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Fresh Bowls from Toronto’s Fresh Restaurant
Buddha bowl has been on our menu since the very beginnings of Fresh and remains one of the most popular even after all these years. There’s something about peanut sauce on rice or noodles that just keeps people coming back. Serves 2.
4 cups cooked brown basmati rice or soba noodles
16 Marinated Tofu Cubes
1.5 cups Buddha Sauce, heated
2 cups bean sprouts
8 slices tomato, halved
8 slices English cucumber, halved
¼ tsp Mexican chili powder
2 tbsp chopped unsalted peanuts
¼ cup fresh cilantro
2 lemon wedges
1) Divide cooked rice or soba between two large bowls.
2) Top with tofu cubes.
3) Pour an even amount of Buddha sauce over cubes in each bowl.
4) Arrange equal amounts of bean sprouts, tomato, and cucumber on top, then sprinkle with chili powder and chopped peanuts.
5) Garnish with cilantro and lemon wedges. Serve.
For the Buddha Sauce
We’ve been using this sauce on our popular Buddha bowl or over a decade now. The flavour is decadent and rich from the peanut butter, with spice and zing from the chillies, ginger, spices and lemon. Be careful when heating this sauce: stir often as the peanut butter has a tendency to burn. If making ahead of time, the sauce will thicken, so you may need to whisk in some water to get the right consistency and to prevent scorching before heating. If you don’t have a juicer, replace the carrot juice with some vegetable stock. Makes 6 cups.
3 tbsp olive oil
1 cup diced onion
6 tbsp minced, peeled fresh ginger
6 cloves minced garlic
2 tsp curry powder
1 tsp cayenne pepper or freshly ground crushed red chillies
1 1/3 cups carrot juice
1 cup water
3/4 cup rice vinegar
2 cups smooth natural peanut butter
2/3 cup tamari
1/4 cup freshly squeezed lemon juice
2 tbsp toasted sesame oil
1/4 cup sunflower oil
1) Heat olive oil in a saucepan over medium heat. Add onion, ginger, and garlic and cook for a few minutes, until onion is softened.
2) Add curry powder and cayenne pepper. Cook, stirring, for about 30 seconds, and then remove from heat.
3) Add carrot juice, water, vinegar, peanut butter, tamari, lemon juice, sesame oil, and sunflower oil. Stir well and let cool.
4) Using an immersion blender or regular blender, blend on high speed until smooth.
5) Before serving, gently reheat in a saucepan over low heat.
Stored in an airtight container in the refrigerator, this sauce will last for up to five days.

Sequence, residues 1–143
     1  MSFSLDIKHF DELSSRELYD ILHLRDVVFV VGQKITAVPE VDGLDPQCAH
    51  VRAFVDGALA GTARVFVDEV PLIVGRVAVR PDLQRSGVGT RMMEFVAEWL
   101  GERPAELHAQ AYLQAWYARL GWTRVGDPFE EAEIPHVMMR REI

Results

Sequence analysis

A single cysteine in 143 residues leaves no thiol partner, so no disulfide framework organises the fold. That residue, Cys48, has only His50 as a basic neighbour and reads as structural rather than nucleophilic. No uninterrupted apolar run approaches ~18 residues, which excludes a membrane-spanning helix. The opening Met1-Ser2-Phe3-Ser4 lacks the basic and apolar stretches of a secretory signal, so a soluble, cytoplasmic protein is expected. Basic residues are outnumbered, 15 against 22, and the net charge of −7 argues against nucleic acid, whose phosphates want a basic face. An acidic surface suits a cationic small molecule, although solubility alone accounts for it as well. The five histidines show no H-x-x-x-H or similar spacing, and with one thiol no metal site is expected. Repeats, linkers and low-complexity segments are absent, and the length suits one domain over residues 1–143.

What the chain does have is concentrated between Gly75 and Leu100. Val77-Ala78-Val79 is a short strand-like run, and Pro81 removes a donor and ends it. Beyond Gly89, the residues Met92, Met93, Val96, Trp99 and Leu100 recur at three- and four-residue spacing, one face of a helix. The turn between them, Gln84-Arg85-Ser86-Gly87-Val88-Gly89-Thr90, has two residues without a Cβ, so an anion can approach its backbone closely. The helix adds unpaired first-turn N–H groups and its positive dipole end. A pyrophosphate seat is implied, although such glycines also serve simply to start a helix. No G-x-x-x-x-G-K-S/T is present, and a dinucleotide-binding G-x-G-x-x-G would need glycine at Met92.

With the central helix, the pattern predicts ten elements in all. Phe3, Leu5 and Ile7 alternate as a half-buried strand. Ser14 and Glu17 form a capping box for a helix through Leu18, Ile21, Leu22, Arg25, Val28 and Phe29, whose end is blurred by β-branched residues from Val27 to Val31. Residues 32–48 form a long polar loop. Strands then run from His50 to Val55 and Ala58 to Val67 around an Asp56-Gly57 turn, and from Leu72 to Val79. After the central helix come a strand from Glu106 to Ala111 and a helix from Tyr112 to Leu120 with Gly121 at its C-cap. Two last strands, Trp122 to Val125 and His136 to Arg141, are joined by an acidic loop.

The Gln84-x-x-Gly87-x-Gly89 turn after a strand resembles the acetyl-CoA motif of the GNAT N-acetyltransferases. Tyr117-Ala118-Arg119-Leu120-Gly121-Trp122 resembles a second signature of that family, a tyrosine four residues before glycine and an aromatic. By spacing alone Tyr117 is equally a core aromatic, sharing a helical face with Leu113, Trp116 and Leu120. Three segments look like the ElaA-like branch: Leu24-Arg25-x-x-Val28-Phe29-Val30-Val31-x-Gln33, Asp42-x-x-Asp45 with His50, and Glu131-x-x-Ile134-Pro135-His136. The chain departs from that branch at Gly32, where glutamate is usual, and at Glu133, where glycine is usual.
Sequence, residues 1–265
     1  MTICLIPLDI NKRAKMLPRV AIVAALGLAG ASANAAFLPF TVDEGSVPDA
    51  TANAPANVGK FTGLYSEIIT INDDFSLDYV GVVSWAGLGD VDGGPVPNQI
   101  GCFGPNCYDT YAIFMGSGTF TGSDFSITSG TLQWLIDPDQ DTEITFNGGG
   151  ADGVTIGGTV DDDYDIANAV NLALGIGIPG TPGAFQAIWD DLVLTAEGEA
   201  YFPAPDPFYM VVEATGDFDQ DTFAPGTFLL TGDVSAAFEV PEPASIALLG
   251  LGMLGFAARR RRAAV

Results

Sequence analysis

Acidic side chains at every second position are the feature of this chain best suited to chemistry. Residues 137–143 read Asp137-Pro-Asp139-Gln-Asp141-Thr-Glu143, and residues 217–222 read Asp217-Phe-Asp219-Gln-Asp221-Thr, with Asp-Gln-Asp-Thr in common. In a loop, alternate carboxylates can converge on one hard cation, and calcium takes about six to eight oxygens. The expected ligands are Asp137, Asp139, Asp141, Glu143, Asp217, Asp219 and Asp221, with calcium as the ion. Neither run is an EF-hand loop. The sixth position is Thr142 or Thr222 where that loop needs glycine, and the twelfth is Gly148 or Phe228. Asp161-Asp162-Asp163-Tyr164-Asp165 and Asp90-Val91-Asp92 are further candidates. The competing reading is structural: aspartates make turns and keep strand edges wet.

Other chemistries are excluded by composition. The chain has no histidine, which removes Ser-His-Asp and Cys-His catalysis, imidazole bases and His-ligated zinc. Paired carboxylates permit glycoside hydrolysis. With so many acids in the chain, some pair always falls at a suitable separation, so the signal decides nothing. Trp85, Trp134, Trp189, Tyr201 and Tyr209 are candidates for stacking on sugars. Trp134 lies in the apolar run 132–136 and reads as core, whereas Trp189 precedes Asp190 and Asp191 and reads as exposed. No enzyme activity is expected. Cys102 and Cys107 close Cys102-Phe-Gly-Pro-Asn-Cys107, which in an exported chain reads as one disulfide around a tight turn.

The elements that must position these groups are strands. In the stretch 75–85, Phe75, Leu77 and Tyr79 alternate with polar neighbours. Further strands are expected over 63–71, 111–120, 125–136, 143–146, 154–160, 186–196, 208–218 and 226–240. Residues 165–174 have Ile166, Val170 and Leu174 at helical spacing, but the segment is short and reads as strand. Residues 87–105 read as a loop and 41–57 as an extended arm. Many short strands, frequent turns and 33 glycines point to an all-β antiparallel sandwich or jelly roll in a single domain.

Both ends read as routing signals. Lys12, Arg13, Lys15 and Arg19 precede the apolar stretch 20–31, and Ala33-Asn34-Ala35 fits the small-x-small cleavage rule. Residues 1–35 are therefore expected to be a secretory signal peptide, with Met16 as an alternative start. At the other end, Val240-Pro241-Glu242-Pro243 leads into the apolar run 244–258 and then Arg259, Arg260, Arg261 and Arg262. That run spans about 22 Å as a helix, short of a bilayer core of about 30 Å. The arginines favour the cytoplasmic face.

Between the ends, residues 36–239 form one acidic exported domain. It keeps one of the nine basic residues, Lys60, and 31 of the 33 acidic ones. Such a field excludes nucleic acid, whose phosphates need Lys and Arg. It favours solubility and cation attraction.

High Raw Thai Noodles
“High raw” is a new concept in the world of raw food, meaning almost all raw or as raw as possible. I think it’s a great development, since eating all raw all the time is difficult, and this makes it easier to embrace the parts of raw food that I love—tons of raw veggies and highly flavoured sauces. If you don’t have a turning slicer (Spiralizer) to make the spiralized zucchini, either use a julienne peeler, a regular peeler, or a knife to cut long, thin strips. Serves 4.
Red Curry Peanut Dressing
1 cup coconut milk
¼ cup gluten-free soy sauce or tamari
3 tbsp coconut sugar or sweetener of your choice
¼ cup natural peanut butter
1 tbsp peeled and minced fresh ginger
1 tsp red curry paste (we prefer Thai Kitchen)
8 cups spiralized zucchini
¾ cup + 1 tsp Red Curry Peanut Dressing
1 cup chopped red bell pepper
1 cup chopped English cucumber
16 grape tomatoes, halved
2 cups bean sprouts
2 cups micro arugula
12 Grilled Tofu Steaks
Sliced red chilies, to taste
8 lime wedges
1) 1. Make red curry peanut dressing. Combine coconut milk, soy sauce, sugar, peanut butter, ginger, and red curry paste in a blender. Blend on high speed until smooth. Set aside.
2) Assemble the bowls Divide spiralized zucchini evenly among four serving bowls and top each with 2 tbsp (30 mL) of dressing.
3) Top each with equal amounts of the following: red pepper, cucumber, grape tomatoes, bean sprouts, micro arugula, and grilled tofu steaks. Drizzle with an additional 1 tbsp (15 mL) of the dressing. Garnish with red chilies and lime wedges.
Marinated Tofu Steaks
We serve thousands of these tofu steaks every month. They go well on everything: salads, bowls, tacos, wraps, sandwiches… At the restaurants we grill them, but at home you can either cook them under the broiler, on a panini grill, on a barbecue, or in a frying pan with some oil. Makes 16 tofu steaks.
½ cup tamari
2 cups water
2 tbsp ground coriander
4 tsp garlic powder
1 block extra firm tofu
1) Combine tamari, water, coriander, and garlic powder in a bowl.
2) Cut block of tofu in half lengthwise, then cut each half into four slices, and then cut those slices on the diagonal to form 8 triangular steaks. Add to marinade.
3) Cover and set aside for at least an hour, or overnight, to marinate (refrigerate if overnight).
4) To cook, either grill or pan-fry with 1 to 2 tbsp (15 to 30 mL) of oil over medium-high heat until browned on both sides.
From “Super Fresh: Super Natural, Super Vibrant Vegan Recipes”by Jennifer Houston and Ruth Tal. Copyright @ Fresh by Juice for Life, Ltd., 2015. Reprinted by permission of Penguin Canada, a division of Penguin Random House Canada Limited. Photography credit: Kyla Zanardi.
Visit a Fresh restaurant near you: freshrestaurants.ca
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